With much trepidation, I climbed the stone steps that led to the front doors of the Musée des beaux-arts de Montréal (MBAM) for the first time.
Why was I so nervous? I moved to Montréal without knowing much about its museums. And how could I make a city my home if I didn’t like the local fine arts museum?
I decided to start with the Medieval art.
I followed a series of signs that took me down two floors, only to find this:
Confused and slightly frustrated, I consulted with a friendly security guard who told me that I needed to continue on through the contemporary artworks until I found an elevator that would take me to the fourth floor of another building... This was not starting off well.
I soon found the galleries called “From to the Middle Ages to the Belle Époque”. As I walked from object to object, and from room to room, I was overwhelmed with feelings of joy and excitement. The MBAM, it turns out, has a beautiful collection that is elegantly displayed. And this was only one section of the museum! There are also galleries dedicated to decorative arts, Canadian art, antiquities, contemporary art, art from "World Cultures"... There's even a whole section dedicated to art from Napoléon's Empire!
Here are some quick observations from my first encounter with the MBAM:
UP CLOSE AND PERSONAL
The gallery spaces are intimate. Visitors can get really close to the artworks. On a weekday afternoon, I only saw two other visitors in the galleries. I had plenty of space to put my nose in the paintings.
HOURS AND PRICING
The MBAM has limited hours. The permanent collection is only open until 5pm on Tuesday to Sunday. There are evening hours on Wednesdays (until 9pm) but only for the major exhibition. Those who work during the day can thus only visit the collection on the weekends.
The prices are standard (which is to say, expensive), though I was excited to see that all visitors up to 30 years old can visit the permanent collections for free.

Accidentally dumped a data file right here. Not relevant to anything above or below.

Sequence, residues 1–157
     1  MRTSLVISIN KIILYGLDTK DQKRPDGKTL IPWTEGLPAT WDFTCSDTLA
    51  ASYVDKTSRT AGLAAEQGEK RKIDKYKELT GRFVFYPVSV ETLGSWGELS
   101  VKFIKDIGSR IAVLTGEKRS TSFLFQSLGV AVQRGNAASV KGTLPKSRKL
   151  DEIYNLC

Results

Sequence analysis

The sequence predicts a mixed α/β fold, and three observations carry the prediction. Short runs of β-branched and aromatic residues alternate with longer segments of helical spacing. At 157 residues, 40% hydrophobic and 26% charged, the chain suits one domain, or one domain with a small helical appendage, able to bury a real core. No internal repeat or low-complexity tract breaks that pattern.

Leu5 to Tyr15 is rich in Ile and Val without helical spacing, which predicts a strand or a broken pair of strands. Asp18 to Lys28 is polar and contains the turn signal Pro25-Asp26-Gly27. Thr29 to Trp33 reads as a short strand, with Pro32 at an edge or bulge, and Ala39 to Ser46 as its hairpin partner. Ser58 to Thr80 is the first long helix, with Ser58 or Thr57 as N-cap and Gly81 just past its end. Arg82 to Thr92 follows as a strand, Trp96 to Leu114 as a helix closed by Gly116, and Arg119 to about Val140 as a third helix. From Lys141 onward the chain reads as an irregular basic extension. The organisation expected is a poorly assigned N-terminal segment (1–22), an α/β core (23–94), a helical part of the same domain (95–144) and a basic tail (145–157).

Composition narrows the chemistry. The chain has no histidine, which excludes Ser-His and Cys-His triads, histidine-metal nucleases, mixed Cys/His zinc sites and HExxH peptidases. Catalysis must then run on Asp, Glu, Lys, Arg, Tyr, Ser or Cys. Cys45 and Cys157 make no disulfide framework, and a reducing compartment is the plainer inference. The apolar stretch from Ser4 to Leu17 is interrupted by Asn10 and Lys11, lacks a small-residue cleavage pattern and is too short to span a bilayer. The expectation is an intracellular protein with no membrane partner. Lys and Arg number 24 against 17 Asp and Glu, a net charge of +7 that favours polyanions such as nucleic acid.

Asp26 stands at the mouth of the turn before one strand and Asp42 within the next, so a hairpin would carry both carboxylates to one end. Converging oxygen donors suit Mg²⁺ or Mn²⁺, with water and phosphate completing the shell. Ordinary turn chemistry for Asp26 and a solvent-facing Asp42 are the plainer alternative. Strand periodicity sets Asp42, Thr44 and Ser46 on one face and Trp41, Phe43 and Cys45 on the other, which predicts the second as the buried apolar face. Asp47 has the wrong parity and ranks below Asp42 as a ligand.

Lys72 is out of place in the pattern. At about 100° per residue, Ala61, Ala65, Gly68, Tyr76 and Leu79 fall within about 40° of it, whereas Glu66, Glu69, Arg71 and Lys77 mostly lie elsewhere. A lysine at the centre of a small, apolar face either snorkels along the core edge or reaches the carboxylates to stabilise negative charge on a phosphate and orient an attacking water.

Absolutely all of the labels and texts were displayed in French and English, an impressive feat.
I was slightly confused about where I was for much of my visit. Maps are not readily available, except a very general handout at the entrance (which I did not see until exiting...).
There are many comfy couches littered throughout the galleries, encouraging visitors to take their time with the artworks, with contemplation and discussion.
I'll go more in-depth on this later. Generally speaking, the in-gallery interpretation depends heavily on the panels and extended labels, which have a highly academic tone. The galleries I visited also offered a free musical audioguide, with song selections for specific artworks and a few spoken commentaries. The content is also available on a free app, which only works in the museum building due to copyright restrictions. (I downloaded the app version on my phone, but I was not able to get it to function.)
Several galleries had large pads of blank paper on the benches. I was not able to tell if visitors were encouraged to freely sketch, or if the pads were for specific visitors.
The MBAM offers free WiFi in the galleries, which enables visitors to search for additional information about the artworks on their own and share their visit on social networks (though I did not see any panels encouraging visitors to do the latter).
I am so excited to log more hours in this museum and to get to know the artworks better!
Address: 1380 rue Sherbrooke Ouest, Montréal ∣ Métro: Station Peel or Station Guy-Concordia (Green Line) ∣ Opening hours: Tuesday to Sunday from 10am to 5pm, major exhibition open until 9pm on Wednesday